Share prices of cannabis companies might be in the tank, but granting stock options or shares remains a significant way for both private and public organizations to try to lure talent.
The main difference this year versus the same period in 2019, however, is that potential employees are far more cautious when it comes to any such incentives.
“When capital markets are hot, stock options are very attractive. They have a retentive value to them, because people don’t want to walk away from the upside of those options,” said Alison McMahon, founder and CEO of Cannabis At Work in Edmonton, Alberta. “However, when the market shifts—and this is exactly what we’re going through now—those options no longer have the value they once did. They lose their retentive value.”
Some companies offer such packages only to executives, while others do it throughout the organization. Denver cannabis recruitment agency Vangst, for its part, offers options to employees even at entry level.
“The way I see it: You treat things better if you are an owner rather than a renter,” said Karson Humiston, CEO of Vangst.
Open to All?
Corporate governance in the cannabis industry remains generally weak. And when executives issue themselves either shares or options, directors are generally unable to block such grants, said Danny Moses, adviser at New York-based cannabis investment group Merida Capital Partners.
Another misstep by some companies offering options is to set the strike price too low, argues Craig Behnke, equities analyst at Marijuana Business Daily’s Investor Intelligence subscription service.
Doing this when the price to exercise such an option is equal to or lower than the current share price of the company offers little incentive for an employee to hang on to that option.
In that situation, staffers typically want to cash out rather than work to improve the company with the hope of reaching a higher stock price.
This, in turn, dilutes the share base, lessening the value of an individual employee’s shares overall.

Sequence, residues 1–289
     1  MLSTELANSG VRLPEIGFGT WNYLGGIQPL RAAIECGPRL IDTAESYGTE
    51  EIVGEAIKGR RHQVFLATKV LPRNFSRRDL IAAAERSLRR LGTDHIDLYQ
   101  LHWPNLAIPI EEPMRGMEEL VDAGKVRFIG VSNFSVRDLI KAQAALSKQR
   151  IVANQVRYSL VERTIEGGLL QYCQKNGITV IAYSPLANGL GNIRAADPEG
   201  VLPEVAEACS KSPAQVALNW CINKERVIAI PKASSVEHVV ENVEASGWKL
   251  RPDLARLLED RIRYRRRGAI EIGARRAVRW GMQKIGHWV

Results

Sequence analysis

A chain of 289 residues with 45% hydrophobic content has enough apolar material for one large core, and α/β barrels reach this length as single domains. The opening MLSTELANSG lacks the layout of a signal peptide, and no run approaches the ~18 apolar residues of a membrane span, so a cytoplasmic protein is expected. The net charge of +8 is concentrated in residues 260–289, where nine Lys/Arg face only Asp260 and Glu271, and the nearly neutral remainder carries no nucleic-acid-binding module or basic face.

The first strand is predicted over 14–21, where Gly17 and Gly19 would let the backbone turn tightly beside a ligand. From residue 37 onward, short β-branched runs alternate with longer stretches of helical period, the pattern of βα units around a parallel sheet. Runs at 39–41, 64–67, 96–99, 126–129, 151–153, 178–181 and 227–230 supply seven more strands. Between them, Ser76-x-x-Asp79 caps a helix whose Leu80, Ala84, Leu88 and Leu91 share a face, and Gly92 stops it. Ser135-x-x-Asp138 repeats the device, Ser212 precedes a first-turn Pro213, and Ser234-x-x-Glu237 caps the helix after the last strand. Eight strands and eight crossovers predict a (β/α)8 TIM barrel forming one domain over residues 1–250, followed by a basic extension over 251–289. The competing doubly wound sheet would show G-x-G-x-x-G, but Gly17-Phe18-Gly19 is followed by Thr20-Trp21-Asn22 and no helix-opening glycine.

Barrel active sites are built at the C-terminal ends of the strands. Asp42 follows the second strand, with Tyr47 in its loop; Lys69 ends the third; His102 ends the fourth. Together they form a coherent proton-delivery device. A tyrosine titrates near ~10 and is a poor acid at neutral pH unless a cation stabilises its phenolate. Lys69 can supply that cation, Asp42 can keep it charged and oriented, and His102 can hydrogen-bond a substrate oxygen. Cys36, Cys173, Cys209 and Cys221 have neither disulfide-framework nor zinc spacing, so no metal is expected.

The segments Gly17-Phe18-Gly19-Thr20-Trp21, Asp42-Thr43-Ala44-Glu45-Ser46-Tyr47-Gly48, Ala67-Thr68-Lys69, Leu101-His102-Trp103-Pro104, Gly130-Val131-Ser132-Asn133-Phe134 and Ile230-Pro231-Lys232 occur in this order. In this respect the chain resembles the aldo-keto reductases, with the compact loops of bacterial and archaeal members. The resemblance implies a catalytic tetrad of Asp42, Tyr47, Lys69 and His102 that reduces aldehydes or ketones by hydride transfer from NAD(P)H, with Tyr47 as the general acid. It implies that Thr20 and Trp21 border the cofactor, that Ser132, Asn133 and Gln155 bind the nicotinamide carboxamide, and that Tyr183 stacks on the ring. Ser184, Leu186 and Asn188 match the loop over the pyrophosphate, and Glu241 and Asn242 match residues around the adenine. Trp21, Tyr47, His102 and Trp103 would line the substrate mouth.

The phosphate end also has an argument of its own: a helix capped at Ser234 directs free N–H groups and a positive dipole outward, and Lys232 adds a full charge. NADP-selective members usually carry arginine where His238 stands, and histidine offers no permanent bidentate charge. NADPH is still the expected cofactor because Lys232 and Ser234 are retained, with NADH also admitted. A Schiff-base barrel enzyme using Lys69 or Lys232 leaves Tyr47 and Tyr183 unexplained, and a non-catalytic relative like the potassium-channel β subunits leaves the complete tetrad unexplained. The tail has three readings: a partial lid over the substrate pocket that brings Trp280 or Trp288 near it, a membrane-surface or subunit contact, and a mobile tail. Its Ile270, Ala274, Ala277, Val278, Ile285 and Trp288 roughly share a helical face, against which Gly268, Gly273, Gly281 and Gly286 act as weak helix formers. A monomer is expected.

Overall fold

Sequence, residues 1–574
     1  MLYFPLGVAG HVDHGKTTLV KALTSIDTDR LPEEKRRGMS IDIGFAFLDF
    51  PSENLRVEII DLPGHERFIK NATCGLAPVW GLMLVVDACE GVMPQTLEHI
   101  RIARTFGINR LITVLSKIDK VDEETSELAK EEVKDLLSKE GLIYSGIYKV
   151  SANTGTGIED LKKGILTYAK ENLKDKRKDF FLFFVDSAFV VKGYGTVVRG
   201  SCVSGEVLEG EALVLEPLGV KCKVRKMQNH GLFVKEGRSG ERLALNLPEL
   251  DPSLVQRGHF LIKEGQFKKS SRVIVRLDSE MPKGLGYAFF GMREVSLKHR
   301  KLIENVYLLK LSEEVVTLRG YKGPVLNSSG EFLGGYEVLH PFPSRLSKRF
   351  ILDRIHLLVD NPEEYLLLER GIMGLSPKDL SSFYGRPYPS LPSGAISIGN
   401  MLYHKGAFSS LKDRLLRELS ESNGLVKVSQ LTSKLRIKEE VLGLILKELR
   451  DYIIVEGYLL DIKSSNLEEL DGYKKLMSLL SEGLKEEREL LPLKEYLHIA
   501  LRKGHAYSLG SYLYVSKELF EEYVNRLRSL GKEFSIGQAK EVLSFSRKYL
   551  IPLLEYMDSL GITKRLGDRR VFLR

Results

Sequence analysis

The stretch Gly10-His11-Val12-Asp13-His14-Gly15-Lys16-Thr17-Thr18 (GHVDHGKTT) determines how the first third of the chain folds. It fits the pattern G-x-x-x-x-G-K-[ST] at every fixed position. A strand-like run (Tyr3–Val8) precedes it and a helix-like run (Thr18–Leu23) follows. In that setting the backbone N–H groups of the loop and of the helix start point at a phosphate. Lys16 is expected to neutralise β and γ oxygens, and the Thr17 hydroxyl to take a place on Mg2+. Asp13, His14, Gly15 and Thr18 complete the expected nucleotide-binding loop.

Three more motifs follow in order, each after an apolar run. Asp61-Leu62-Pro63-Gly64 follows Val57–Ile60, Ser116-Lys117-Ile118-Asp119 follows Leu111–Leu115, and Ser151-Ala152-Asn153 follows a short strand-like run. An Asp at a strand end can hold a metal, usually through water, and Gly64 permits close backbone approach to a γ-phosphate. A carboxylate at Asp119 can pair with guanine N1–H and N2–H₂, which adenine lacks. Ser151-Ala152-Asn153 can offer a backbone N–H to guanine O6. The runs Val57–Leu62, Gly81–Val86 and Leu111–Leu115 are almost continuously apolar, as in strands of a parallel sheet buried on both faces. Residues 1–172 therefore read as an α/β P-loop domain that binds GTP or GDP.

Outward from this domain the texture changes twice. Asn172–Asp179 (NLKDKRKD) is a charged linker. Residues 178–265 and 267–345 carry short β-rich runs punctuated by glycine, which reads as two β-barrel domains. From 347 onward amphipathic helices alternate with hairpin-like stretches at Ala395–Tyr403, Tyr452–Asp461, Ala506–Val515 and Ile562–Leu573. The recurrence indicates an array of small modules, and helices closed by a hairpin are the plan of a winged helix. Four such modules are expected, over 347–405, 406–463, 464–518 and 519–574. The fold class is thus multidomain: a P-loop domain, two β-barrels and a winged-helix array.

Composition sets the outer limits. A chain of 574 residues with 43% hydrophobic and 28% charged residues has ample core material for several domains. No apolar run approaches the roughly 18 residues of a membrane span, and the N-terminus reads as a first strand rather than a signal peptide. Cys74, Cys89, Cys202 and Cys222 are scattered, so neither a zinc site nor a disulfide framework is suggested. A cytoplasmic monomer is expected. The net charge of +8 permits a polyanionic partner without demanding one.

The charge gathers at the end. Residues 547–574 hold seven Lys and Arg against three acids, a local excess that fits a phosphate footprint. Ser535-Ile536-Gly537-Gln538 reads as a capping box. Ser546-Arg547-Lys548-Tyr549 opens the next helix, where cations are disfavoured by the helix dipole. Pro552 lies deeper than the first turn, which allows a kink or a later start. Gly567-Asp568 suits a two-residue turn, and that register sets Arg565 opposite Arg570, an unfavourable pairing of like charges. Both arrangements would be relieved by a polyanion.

“That can become quite dilutive over time,” he added.
One recent example of such possible dilution was the decision by top executives at Arizona-based multistate operator Harvest Health & Recreation executives to surrender a total of 2.4 million of their individual stock options to employees.
“Our employees are some of the hardest working in the industry, and this award is meant to recognize both the accomplishments of the past year and the expected commitment to achieving profitability ahead,” Harvest CEO Steve White said in a news release.
While an altruistic and positive move on the surface, the strike price of the surrendered options was set at the company’s then-current market price
of around $2.85 a share versus the original strike price of $6.79 per share for the executives.
“We like to see companies use stock options as a component of employee compensation to better align shareholder and employee interests,” Behnke argued. “We prefer to see the options granted with a strike price significantly higher than the current stock price. That structure can provide strong incentive for employees to create long-term shareholder value.”
Poorly handled or not, options remain a key way for companies to get talented people through the door. Such businesses just have to adapt to the new realities, Vangst’s Humiston said.
“We encourage companies to be honest about this because it sets a relationship up better with candidates,” she said. “We have seen some companies getting into legal trouble when they have overpromised.”
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